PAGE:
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Dress Code-Anticipation for “Dressing Up Europe”

May 16, 2010

Ethnography marketing is an effective approach for marketers to gain more insights about the role of the products in their target audience’s lives. For example, if the marketer wants to launch a new product, the observation should focus on the questions: what’s the best appeal to reach the audience and who is the audience. On the other hand, for the products that are already available on the shelf, through ethnography observation, marketers are able to find out any opportunities for product improvement and development and then to motivate potential consumers.

Throughout this trip of global brand tracking, my anticipation relies on the two parts in the fashion industry.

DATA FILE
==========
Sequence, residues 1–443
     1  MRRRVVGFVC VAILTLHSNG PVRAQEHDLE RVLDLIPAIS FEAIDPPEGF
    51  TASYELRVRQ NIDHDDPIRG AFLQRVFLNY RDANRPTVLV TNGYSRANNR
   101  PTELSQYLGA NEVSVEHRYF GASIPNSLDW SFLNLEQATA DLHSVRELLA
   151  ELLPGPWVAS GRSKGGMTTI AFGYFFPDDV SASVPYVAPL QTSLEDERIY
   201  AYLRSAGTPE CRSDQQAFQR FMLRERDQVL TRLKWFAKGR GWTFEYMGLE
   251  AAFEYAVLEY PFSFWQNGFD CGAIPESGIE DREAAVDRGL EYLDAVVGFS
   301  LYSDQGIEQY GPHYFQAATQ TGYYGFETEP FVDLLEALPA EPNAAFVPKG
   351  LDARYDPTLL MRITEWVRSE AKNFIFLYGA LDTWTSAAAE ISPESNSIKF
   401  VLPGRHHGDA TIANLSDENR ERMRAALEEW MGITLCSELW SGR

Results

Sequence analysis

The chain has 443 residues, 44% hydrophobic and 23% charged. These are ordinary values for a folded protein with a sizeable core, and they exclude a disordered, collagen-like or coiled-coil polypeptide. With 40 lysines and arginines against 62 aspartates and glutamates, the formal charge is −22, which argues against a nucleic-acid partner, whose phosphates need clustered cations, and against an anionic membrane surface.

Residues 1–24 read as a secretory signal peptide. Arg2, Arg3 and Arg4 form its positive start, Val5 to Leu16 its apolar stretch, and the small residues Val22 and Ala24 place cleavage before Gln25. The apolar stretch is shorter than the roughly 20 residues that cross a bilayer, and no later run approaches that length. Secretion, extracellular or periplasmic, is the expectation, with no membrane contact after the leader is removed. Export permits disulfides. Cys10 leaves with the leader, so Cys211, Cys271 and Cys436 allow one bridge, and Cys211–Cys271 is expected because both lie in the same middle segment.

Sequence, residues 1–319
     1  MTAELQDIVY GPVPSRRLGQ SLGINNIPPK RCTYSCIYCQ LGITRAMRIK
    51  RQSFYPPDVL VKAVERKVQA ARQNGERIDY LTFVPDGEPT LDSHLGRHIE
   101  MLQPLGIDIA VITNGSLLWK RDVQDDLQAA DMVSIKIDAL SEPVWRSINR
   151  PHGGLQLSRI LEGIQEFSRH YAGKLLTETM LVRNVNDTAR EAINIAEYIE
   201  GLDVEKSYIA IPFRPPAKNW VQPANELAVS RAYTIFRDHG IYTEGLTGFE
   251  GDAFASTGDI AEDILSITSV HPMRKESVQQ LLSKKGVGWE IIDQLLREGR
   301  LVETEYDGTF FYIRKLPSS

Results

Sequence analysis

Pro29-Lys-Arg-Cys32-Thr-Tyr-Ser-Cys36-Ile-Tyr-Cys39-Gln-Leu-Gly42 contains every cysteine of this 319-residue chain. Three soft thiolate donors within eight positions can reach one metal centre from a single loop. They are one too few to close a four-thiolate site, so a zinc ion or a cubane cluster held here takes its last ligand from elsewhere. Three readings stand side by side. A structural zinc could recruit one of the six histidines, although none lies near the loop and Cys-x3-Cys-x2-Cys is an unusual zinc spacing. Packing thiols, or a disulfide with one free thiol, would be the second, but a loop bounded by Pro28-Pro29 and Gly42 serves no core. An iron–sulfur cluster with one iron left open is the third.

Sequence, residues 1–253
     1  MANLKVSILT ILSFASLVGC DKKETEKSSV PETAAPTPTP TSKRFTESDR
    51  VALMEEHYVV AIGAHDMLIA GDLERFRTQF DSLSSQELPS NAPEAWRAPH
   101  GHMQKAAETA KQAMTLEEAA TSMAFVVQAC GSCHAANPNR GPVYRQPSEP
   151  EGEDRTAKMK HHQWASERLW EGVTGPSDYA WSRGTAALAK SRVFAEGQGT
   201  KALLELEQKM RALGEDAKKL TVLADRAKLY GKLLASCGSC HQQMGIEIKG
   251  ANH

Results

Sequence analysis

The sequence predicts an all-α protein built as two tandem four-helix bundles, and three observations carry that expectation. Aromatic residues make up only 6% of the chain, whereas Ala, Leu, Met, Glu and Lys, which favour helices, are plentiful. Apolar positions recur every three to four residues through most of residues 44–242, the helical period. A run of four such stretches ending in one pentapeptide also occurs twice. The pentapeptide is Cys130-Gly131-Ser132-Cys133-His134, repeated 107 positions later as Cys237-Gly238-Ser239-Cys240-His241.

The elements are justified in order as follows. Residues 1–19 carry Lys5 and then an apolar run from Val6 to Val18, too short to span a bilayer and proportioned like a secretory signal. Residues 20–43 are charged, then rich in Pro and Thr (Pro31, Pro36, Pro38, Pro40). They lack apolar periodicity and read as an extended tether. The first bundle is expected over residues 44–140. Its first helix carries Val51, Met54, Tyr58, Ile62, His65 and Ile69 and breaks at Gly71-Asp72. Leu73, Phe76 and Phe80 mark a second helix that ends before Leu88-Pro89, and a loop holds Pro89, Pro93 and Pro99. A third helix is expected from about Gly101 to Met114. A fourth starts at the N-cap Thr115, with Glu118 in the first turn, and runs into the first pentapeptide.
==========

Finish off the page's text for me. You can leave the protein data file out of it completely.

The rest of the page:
Firstly, I want to focus on the role of clothes, shoes or cosmetics in consumers’ lives in London and Prague. I have never been to Europe, so I’m curious to know what their dress code is. The first approach is to observe the dress of the people walking on the streets, sitting in the restaurants or shopping in the supermarkets. Is there any difference between them and American, even Chinese? On the other hand, the observation in the retail markets (shopping malls and stores) always plays a vital role in knowing about consumers’ purchase patterns and habits. Besides observation, if possible, I still want to talk with the native persons about their stories and understanding of fashion, which helps me to get the insights and the interpretation for the dress code in London and Prague.

Secondly, I’m interested in decoding the advertising campaigns in fashion industry in London and Prague, such as the posters, billboards, brochures, flyers, TV commercials, POP displays, etc. For example, I can pick a global fashion brand and analyze whether it’s applying standardization or globalization strategy. If this fashion brand employs localization strategy, the question is what is the difference and why; what’s the connection between the differences and cultures?

Yiting

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